Just when you think we’re making strides to reduce the stigma surrounding menstruation, we find out a third of men think it’s ‘unprofessional’ for women to talk about their period in the workplace.
Initial Washroom Hygiene surveyed 2000 office workers about all things toilet talk and the results offered some pretty sad proof that talking about periods is still very much taboo, particularly round the water cooler.
While almost half of the workforce will have to navigate having a period at work every month, it seems they have to do so in secret with the survey finding 32% of men think it is “unprofessional” for women to talk about the topic of menstruation while they’re at work.
And this stigma has clearly has a huge impact on the way women behave in the office during their time of the month with just under half of all women claiming they would feel uncomfortable speaking to their manager about period-related symptoms.
What’s more, more than half of women said they would be reluctant to call in sick to work due to period-related symptoms.
Proving that hiding a tampon up the sleeve is still very much a thing, a whopping 46% of those surveyed said they would feel uncomfortable taking sanitary products like pads and tampons out of their handbags in front of their colleagues.
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But this secrecy can have some serious knock-on effects on health with four out of 10 women claiming to have used sanitary products for longer than medically advised due to either not having a replacement product or not wanting to ask a colleague for one.
Reflecting on the results, marketing manager at Initial Washroom Hygiene Sian Walkling said: “The fact that a third of men think a grown-up discussion about menstrual hygiene is unprofessional, and that almost half of women feel uncomfortable discussing this element of their wellness with their manager, shows how much work needs to be done.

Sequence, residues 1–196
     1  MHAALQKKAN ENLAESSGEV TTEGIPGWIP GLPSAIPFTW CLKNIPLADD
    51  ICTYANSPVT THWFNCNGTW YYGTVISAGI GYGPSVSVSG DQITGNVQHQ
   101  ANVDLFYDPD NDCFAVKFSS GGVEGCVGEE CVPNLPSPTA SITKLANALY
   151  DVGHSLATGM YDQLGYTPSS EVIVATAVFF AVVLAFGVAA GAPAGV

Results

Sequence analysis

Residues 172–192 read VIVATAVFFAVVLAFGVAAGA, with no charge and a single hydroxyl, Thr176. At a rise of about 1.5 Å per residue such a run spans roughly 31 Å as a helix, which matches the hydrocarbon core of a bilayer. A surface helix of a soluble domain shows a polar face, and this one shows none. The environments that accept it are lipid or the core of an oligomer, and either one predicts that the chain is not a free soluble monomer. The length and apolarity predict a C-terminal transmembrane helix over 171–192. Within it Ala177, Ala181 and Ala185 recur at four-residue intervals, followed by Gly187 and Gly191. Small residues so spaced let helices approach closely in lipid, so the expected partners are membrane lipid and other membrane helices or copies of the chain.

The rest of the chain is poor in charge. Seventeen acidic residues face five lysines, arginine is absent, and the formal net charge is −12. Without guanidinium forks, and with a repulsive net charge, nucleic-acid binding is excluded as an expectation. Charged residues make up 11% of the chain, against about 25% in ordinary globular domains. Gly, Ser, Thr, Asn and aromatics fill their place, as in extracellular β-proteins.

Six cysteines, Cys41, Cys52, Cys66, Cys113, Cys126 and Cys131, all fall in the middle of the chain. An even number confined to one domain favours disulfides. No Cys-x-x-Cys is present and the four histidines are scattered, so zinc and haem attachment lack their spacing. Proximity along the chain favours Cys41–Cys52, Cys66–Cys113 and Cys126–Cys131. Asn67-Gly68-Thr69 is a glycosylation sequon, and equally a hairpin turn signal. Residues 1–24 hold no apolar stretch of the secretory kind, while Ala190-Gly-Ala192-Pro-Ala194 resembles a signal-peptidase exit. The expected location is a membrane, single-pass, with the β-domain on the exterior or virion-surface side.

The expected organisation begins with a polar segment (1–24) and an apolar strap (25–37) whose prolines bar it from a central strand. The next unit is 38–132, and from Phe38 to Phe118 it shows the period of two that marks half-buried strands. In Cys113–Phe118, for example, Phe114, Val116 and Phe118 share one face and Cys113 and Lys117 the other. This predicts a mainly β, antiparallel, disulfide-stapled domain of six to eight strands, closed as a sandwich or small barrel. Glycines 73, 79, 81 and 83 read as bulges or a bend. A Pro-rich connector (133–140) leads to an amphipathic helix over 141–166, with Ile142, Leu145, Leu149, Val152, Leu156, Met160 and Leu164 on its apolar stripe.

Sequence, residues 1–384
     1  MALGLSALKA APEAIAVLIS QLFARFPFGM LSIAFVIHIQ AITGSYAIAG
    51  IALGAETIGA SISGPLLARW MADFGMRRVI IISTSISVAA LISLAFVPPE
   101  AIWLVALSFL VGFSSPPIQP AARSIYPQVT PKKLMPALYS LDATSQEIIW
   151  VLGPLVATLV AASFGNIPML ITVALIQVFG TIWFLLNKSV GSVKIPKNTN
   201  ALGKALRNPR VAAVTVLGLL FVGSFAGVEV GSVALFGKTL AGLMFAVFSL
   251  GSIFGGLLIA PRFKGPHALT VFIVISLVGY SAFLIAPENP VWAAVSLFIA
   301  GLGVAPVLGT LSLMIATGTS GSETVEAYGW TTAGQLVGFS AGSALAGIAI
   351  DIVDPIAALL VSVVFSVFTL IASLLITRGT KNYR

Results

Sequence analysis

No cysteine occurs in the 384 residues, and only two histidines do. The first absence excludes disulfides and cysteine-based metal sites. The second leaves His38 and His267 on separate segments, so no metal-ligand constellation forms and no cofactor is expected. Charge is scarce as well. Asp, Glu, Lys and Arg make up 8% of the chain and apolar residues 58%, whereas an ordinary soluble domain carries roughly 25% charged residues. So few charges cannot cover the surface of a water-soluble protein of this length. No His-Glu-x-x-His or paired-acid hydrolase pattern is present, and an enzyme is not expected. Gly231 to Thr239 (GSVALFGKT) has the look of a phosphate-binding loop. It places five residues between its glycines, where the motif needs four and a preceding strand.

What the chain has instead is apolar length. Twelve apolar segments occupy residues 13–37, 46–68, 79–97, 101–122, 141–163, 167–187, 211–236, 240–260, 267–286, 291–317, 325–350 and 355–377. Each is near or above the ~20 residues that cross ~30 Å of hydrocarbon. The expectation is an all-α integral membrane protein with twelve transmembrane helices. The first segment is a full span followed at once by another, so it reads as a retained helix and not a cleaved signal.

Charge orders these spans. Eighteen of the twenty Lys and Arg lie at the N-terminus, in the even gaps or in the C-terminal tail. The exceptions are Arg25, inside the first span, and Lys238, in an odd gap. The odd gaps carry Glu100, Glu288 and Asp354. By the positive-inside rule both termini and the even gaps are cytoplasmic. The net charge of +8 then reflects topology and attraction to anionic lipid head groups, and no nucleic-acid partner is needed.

“Female employees shouldn’t feel embarrassed talking about menstrual hygiene in the office, especially when they find themselves faced with a situation they may inadvertently not be prepared for,” she continued.
“Normalising conversations about menstrual cycles and how they affect women is vital to achieving period dignity and a diverse workforce.”
As further proof there’s still a long way to go in terms of breaking down period taboos, recent research found that just under half of women are still using a code name when referring to their period.
The survey, by period product subscription service, Mondays, found women are turning to covert code names because many believe the term 'period' sounds dirty, rude, awkward and embarrassing.
But things are starting to change.
Following on from the news that free sanitary protection will now be provided to all patients in NHS hospitals, the Government has pledged to end period poverty around the world by 2030.
The pledge will see millions go to projects providing sanitary protection and will work to take down the stigma that still persists surrounding menstruation.
And this year has seen efforts made to address that, not only has Scotland offered free sanitary protection to women and girls living in period poverty, but there is now a period emoji.
The blood droplet is the result of a campaign led by girls’ rights group Plan International UK, which hopes the new symbol will help tackle period stigma.
In the meantime, we’d do well to remind ourselves that there is nothing shameful about having your period, and maybe it is time that our workplaces reflected that.